Eighteen ways You Know Pesach is Coming to Jerusalem
Birkat Cohanim, Blessing of the Priests at the Western Wall during Passover
by Judy Lash Balint Atlanta Jewish Journal
April 18, 2005
1. Street scenes in Israel change every day before Passover according to what's halachically necessary: For the week before the holiday, yeshiva students wielding blow torches preside over huge vats of boiling water stationed every few blocks on the street and in the courtyard of every mikveh. The lines to dunk cutlery, kiddush cups and the like start to grow every day, and, at the last minute, blow torches are at the ready to cleanse oven racks and stove tops lugged through the streets, of every last gram of chametz.
2. No alarm clock needed here--the clanging garbage trucks do the trick as they roll through the neighborhood every morning during the two weeks before Pesach to accomodate all the refuse from the furious cleaning going on in every household.
3. On Friday, the day before Passover, families replace the yeshiva students, using empty lots to burn the remainder of their chametz gleaned from the previous night's meticulous search. Street corner flower vendors do great business too.
4. Most flower shops stay open all night for the two days before Pesach, working feverishly to complete the orders that will grace the nation's seder tables.
5. Meah Shearim and Geula merchants generally run out of heavy plastic early in the week before Pesach. In a panic, I make an early morning run to the Machane Yehuda market to succesfully snap up a few meters of the handy counter-covering material.
6. No holiday in Israel is complete without a strike or two. Two years ago, the Histadrut Labor federation threatened to launch a general strike 10 days before the holiday to protest planned economic cuts. Last minute negotiations postponed the dreaded event. So far this year, the Bezek telephone company, banks and the post office have all informed us of pre-Pesach strikes.
7. Good luck if you haven't scheduled an appointment for a pre-Pesach/Omer haircut. You can't get in the door at most barber and beauty shops.
Observant Jews mark the seven weeks between Passover and Shavuot by carrying out some of the laws of mourning--one of these is the prohibition against cutting hair.
8. Mailboxes are full of Pesach appeals from the myriad of organizations helping the poor celebrate Pesach. Newspapers are replete with articles about selfless Israelis who volunteer by the hundreds in the weeks before the holiday to collect, package and distribute Pesach supplies to the needy.
This year, Hazon Yeshaya Soup Kitchens plan on serving 7,000 meals per day during Passover. More than 15,000 food parcels will be distributed before the holiday, just by this one organization.
9. The biggest food challenge to those of us ashkenazic, non-kitniyot (legume) eaters is finding cookies etc. made without kitniyot. Most years, many restaurants in the city stayed open, offering special Pesach menus--most without kitniyot, to accomodate the largely ashkenazic tourist population that used to be their bread and butter (matzo & butter?) For the past few years, restaurants closed for the week, as Pesach tourism was sparse, but projections are for a banner year this Pesach, so we're hoping to eat a few good meals out.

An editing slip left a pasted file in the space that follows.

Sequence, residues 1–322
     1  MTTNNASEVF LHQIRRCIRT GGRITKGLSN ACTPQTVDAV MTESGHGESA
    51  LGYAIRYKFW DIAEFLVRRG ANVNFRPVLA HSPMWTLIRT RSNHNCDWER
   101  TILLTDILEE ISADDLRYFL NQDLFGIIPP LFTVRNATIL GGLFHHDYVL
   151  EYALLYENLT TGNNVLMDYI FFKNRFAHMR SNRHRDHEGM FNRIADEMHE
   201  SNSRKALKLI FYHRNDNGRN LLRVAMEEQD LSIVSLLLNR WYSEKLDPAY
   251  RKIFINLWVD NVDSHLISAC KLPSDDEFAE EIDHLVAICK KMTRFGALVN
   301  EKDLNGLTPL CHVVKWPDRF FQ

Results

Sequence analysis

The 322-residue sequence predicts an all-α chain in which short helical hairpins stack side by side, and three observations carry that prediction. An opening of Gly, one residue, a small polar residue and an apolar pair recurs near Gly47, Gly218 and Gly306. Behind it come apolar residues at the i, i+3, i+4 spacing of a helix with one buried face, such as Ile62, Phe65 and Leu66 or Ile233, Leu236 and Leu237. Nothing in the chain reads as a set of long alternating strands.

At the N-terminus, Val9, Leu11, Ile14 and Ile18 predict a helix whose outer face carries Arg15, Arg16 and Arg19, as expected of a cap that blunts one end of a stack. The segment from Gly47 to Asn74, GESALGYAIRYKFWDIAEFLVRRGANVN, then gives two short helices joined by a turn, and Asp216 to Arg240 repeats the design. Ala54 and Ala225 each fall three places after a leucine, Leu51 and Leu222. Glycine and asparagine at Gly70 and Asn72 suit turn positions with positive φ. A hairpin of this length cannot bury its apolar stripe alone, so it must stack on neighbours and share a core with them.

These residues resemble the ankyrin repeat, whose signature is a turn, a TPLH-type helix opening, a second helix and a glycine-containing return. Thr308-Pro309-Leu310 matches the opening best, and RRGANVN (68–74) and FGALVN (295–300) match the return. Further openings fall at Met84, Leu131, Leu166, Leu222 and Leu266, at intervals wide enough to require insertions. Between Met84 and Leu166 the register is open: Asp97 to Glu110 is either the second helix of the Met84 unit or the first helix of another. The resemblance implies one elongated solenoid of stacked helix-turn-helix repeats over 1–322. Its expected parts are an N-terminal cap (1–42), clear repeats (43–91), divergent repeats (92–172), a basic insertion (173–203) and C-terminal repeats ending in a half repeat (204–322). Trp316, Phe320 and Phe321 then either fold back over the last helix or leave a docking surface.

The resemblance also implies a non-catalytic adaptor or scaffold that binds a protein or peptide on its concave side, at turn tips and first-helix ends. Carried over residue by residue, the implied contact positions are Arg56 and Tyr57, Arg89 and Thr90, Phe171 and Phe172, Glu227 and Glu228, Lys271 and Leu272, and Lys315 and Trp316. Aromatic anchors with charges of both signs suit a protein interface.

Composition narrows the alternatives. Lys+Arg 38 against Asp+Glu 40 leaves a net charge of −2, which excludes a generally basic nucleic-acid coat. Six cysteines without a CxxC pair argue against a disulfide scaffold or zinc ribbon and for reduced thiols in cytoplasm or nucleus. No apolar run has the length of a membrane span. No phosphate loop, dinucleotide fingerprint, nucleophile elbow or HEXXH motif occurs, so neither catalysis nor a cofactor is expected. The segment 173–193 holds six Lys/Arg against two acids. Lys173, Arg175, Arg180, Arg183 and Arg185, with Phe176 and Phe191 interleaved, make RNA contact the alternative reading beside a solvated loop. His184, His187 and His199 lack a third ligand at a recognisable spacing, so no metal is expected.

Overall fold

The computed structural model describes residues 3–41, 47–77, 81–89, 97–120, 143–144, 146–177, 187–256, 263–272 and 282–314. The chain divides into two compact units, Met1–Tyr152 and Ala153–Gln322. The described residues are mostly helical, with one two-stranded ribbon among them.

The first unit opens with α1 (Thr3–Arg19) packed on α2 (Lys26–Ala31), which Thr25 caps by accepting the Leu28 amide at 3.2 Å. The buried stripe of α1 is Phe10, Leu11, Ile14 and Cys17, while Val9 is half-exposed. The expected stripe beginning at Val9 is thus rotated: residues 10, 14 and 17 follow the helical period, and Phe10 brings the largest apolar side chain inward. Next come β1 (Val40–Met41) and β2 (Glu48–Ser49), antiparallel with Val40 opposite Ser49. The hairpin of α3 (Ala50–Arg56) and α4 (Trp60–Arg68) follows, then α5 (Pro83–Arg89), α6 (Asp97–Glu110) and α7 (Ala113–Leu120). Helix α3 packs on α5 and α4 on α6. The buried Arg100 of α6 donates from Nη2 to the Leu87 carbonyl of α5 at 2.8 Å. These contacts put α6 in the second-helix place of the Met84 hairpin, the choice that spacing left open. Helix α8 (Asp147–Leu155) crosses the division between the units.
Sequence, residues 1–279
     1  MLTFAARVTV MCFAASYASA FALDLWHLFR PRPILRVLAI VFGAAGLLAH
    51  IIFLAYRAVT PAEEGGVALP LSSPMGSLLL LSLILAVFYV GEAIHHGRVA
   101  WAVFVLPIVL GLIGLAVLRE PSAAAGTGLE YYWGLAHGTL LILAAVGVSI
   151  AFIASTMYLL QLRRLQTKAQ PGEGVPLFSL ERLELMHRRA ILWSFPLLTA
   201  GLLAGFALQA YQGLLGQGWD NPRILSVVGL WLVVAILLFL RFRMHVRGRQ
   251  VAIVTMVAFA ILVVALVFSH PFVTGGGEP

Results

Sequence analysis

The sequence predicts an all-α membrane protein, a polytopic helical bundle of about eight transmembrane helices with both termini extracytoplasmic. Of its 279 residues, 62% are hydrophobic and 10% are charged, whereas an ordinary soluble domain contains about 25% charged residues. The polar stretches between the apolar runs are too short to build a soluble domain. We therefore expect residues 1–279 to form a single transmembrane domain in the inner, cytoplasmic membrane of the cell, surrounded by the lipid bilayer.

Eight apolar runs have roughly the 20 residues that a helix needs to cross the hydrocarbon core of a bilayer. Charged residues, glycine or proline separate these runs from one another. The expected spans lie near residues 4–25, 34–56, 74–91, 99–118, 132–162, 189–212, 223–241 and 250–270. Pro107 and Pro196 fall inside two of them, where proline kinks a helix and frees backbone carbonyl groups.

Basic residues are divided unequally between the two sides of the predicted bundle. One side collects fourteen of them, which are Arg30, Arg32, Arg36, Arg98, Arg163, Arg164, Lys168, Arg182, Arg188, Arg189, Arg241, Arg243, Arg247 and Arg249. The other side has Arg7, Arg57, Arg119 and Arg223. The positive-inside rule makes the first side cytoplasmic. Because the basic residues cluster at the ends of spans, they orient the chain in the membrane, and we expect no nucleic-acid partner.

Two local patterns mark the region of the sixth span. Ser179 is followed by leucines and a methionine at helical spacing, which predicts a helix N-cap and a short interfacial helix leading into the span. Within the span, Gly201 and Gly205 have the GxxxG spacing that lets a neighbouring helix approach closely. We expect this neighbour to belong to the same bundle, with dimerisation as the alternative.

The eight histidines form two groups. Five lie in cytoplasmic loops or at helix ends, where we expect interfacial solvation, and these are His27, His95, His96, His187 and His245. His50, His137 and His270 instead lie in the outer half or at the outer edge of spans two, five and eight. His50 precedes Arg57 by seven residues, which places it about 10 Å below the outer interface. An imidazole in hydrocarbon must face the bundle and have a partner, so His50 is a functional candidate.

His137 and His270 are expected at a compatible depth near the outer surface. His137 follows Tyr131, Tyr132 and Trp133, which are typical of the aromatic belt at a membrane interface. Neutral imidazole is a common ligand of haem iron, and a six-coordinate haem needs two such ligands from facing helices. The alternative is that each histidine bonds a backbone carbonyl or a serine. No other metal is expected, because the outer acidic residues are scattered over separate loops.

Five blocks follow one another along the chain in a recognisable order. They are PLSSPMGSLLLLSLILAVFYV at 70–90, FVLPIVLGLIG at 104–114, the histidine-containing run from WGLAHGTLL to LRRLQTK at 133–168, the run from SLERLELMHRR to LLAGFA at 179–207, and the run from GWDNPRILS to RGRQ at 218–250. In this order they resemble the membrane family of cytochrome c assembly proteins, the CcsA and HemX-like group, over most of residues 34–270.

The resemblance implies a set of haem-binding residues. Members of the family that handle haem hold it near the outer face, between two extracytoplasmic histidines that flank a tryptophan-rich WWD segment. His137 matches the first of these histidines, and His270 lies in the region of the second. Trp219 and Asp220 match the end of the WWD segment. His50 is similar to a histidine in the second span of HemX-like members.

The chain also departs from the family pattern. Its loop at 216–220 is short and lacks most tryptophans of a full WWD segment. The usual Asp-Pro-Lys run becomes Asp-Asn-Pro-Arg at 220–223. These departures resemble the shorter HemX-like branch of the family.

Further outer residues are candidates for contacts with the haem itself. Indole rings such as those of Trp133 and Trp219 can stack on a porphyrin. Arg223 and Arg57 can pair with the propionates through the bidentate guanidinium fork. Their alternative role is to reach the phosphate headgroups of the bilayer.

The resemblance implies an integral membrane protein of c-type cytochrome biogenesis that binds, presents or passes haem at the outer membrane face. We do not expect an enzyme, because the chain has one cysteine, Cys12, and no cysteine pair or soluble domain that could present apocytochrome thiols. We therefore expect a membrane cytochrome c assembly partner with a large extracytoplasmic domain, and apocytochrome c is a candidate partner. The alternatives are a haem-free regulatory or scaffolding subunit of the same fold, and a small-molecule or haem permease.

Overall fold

10. Since most of the country is on vacation for the entire week of Pesach, all kinds of entertainment and trips are on offer. Ads appear for everything from the annual Boombamela beach festival, solidarity visits to Gush Katif, kid's activities at the Bloomfield Science Museum and concerts in Hebron.
11. Pesach with its theme of freedom and exodus always evokes news stories about recent olim. This year, general immigration numbers are significantly down, but American aliya has enjoyed a mini-boom. For a couple of thousand new Israeli-Americans, it'll be their first seder at home in Israel.
12. This just in: According to Israel's Brandman Research Institute study, 43 million people hours will be spent nationwide in Israel's cleaning preparations for Passover this year. How does that break down? Of those cleaning hours, 29 million are done by women and 11 million by men. Persons paid to clean do the remaining 3 million hours at a cost of NIS 64 million ($15.6 million).
13. Israel's chief rabbis sell the nation's chametz to an Arab resident of Abu Ghosh. Estimated worth: 150 million shekel (about $28 million).
14. Radio commercials for all sorts of products and services are set to seder tunes. This year, Volkswagen is using the Mah Nishtana tune to advertise its cars. Another favorite is "Echad Mi Yodeya?--Who Knows One?" that has become a jingle for one brand of coffee. "Four mothers, three fathers, two sugars, one cup of coffee!"
15. For those of us too lazy to go to our rabbis to sell Chametz, one Israeli website offers the possibility of performing this ritual in cyberspace: For those of you out there with Hebrew enabled computers, take a look at http://www.kipa.co.il/passover/sell.asp
16. Sign of the times? This year, former Sephardi Chief Rabbi Mordechai Eliyahu issued a ruling that Viagra may be taken on Pesach provided the pill is encased in a special empty capsule so that the drug itself is not in direct contact with the body.
17. Right before Pesach (and Rosh Hashana) thousands of personal notes are removed from the crevices of the Kotel and buried on the Mt of Olives.
18. A sign of our difficult economic times--supermarkets entice shoppers with a promise to allow us to settle up the bill in six equal monthly payments on the credit card. Yes, many of us will still be paying for the seder come Rosh Hashana!